The effect of Covid-19 mRNA vaccine on serum anti-Müllerian hormone levels

A. Mohr-Sasson*, J. Haas, S. Abuhasira, M. Sivan, H. Doitch Amdurski, T. Dadon, S. Blumenfeld, E. Derazne, R. Hemi, R. Orvieto, A. Afek, J. Rabinovici

*Corresponding author for this work

Research output: Contribution to journalArticlepeer-review

36 Scopus citations


STUDY QUESTION: Does the administration of the severe acute respiratory syndrome coronavirus 2 (SARS-CoV-2) mRNA vaccine have an association with ovarian reserve as expressed by circulating anti-Müllerian hormone (AMH) levels? SUMMARY ANSWER: Ovarian reserve as assessed by serum AMH levels is not altered at 3 months following mRNA SARS-CoV-2 vaccination. WHAT IS KNOWN ALREADY: A possible impact of SARS-CoV-2 infection or vaccination through an interaction between the oocyte and the somatic cells could not be ruled out, however, data are limited. STUDY DESIGN, SIZE, DURATION: This is a prospective study conducted at a university affiliated tertiary medical center between February and March 2021. PARTICIPANTS/MATERIALS, SETTING, METHODS: Study population included reproductive aged women (18-42 years) that were vaccinated by two Pfizer-BioNTech Covid-19 vaccines (21 days apart). Women with ovarian failure, under fertility treatments, during pregnancy, previous Covid-19 infection or vaccinated were excluded from the study. Blood samples were collected for AMH levels before the first mRNA vaccine administration. Additional blood samples after 3 months were collected for AMH and anti-Covid-19 antibody levels. Primary outcome was defined as the absolute and percentage change in AMH levels. MAIN RESULTS AND THE ROLE OF CHANCE: The study group consisted of 129 women who received two mRNA vaccinations. Mean AMH levels were 5.3 (±SD 4.29) μg/l and 5.3 (±SD 4.50) μg/l at baseline and after 3 months, respectively (P = 0.11). To account for possible age-specific changes of AMH, sub-analyses were performed for three age groups: <30, 30-35 and >35 years. AMH levels were significantly lower for women older than 35 years at all times (P = 0.001 for pre and post vaccination AMH levels versus younger women). However, no significant differences for the changes in AMH levels before and after vaccinations (Delta AMH) were observed for the three age groups (P = 0.46). Additionally, after controlling for age, no association was found between the degree of immunity response and AMH levels. LIMITATIONS, REASONS FOR CAUTION: Although it was prospectively designed, for ethical reasons we could not assign a priori a randomized unvaccinated control group. This study examined plasma AMH levels at 3 months after the first vaccination. It could be argued that possible deleterious ovarian and AMH changes caused by the SARS-CoV-2 mRNA vaccinations might take effect only at a later time. Only longer-term studies will be able to examine this issue. WIDER IMPLICATIONS OF THE FINDINGS: The results of the study provide reassurance for women hesitant to complete vaccination against Covid 19 due to concerns regarding its effect on future fertility. This information could be of significant value to physicians and patients alike. STUDY FUNDING/COMPETING INTEREST(S): The study was supported by Sheba Medical Center institutional sources. All authors have nothing to disclose. TRIAL REGISTRATION NUMBER: The study protocol was approved by the 'Sheba Medical Center' Ethical Committee Review Board (ID 8121-21-SMC) on 8 February 2021 and was registered at the National Institutes of Health (NCT04748172).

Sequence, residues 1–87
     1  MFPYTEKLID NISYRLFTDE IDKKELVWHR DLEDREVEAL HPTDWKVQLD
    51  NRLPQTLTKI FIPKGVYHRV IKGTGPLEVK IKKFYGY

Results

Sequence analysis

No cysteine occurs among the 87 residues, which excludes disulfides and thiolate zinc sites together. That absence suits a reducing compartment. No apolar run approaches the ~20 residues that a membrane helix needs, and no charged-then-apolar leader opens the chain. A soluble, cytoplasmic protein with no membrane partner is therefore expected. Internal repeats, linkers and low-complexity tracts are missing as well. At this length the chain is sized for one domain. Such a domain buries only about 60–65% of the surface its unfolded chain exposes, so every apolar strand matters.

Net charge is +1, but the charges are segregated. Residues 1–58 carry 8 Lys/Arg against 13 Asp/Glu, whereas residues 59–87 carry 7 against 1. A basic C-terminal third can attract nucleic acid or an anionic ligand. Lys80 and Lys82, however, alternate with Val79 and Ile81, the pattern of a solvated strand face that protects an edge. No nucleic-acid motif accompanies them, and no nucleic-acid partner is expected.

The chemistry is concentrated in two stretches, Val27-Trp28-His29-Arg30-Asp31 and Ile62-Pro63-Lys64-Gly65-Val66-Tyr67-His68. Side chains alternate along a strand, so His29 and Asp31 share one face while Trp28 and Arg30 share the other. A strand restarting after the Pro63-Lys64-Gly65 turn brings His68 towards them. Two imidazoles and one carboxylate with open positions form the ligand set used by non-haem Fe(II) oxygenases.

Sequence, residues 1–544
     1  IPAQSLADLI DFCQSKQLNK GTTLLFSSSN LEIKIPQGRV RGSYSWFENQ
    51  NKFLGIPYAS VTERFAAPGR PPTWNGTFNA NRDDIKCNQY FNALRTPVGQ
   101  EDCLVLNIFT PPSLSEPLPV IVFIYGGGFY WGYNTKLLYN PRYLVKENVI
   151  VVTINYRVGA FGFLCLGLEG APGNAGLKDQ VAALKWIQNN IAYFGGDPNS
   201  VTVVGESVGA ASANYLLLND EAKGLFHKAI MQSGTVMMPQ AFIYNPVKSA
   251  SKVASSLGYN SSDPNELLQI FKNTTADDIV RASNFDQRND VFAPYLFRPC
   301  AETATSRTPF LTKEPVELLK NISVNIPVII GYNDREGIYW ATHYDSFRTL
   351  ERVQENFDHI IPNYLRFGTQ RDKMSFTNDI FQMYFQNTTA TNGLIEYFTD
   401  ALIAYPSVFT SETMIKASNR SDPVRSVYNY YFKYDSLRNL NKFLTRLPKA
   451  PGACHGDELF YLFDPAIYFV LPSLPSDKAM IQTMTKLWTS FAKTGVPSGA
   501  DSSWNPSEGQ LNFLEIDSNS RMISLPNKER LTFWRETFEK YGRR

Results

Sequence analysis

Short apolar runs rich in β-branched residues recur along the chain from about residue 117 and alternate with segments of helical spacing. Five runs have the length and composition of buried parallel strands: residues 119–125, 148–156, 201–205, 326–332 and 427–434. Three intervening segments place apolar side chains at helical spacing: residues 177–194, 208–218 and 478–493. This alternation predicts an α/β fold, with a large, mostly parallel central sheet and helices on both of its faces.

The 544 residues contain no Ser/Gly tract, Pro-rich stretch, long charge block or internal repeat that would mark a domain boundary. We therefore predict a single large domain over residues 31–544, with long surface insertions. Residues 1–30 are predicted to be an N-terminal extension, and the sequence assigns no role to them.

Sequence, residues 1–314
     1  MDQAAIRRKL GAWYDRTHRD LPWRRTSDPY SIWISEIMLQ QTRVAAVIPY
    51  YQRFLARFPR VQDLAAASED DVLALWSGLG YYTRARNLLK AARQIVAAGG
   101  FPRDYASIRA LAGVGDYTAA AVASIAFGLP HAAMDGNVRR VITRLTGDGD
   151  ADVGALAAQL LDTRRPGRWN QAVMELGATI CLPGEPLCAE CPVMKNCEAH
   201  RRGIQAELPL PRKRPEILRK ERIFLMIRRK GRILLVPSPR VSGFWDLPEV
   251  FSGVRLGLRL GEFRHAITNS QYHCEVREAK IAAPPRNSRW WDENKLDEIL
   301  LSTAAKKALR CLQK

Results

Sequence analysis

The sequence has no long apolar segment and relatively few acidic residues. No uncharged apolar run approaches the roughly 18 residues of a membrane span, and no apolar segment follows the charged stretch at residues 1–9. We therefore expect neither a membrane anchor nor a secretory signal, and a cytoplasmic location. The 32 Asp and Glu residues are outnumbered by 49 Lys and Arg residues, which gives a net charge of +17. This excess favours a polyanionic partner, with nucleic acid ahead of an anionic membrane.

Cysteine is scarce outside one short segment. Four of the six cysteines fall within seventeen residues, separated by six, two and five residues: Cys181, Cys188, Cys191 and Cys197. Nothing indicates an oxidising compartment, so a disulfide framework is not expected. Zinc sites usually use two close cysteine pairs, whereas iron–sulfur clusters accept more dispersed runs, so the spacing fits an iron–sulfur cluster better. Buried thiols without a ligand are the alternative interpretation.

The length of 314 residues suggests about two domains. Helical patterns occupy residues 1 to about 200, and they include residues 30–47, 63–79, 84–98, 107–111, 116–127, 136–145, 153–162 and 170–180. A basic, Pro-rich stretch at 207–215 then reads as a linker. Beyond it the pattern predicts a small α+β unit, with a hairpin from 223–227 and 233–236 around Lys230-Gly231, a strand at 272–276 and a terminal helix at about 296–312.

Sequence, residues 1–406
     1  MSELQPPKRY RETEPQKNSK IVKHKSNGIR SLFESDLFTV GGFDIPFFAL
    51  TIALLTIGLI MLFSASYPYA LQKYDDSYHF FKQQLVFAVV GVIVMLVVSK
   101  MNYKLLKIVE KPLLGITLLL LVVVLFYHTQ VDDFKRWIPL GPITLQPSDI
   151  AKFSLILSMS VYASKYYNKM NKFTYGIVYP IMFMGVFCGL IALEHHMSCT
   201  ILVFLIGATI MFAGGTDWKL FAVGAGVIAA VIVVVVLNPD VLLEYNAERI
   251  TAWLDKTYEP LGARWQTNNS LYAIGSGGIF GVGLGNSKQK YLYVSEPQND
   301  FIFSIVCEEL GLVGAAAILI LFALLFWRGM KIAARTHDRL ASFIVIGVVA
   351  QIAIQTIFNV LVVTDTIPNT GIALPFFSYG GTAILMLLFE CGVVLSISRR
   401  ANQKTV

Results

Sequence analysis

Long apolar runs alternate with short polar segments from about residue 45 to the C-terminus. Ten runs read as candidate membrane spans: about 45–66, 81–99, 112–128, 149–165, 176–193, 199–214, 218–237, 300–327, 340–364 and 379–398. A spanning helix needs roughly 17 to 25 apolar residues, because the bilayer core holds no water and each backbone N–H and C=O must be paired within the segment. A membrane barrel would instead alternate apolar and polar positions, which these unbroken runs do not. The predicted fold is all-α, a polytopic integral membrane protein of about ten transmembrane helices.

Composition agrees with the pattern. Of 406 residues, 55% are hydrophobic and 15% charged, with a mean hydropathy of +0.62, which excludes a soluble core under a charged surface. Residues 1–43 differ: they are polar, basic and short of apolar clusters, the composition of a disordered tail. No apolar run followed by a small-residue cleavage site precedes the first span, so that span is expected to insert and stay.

Original languageEnglish
Pages (from-to)534-541
Number of pages8
JournalHuman Reproduction
Issue number3
StatePublished - 1 Mar 2022


FundersFunder number
Sheba Medical Center


    • Covid-19
    • SARS-CoV-2 mRNA vaccine
    • anti-Müllerian hormone
    • fertility
    • ovarian reserve


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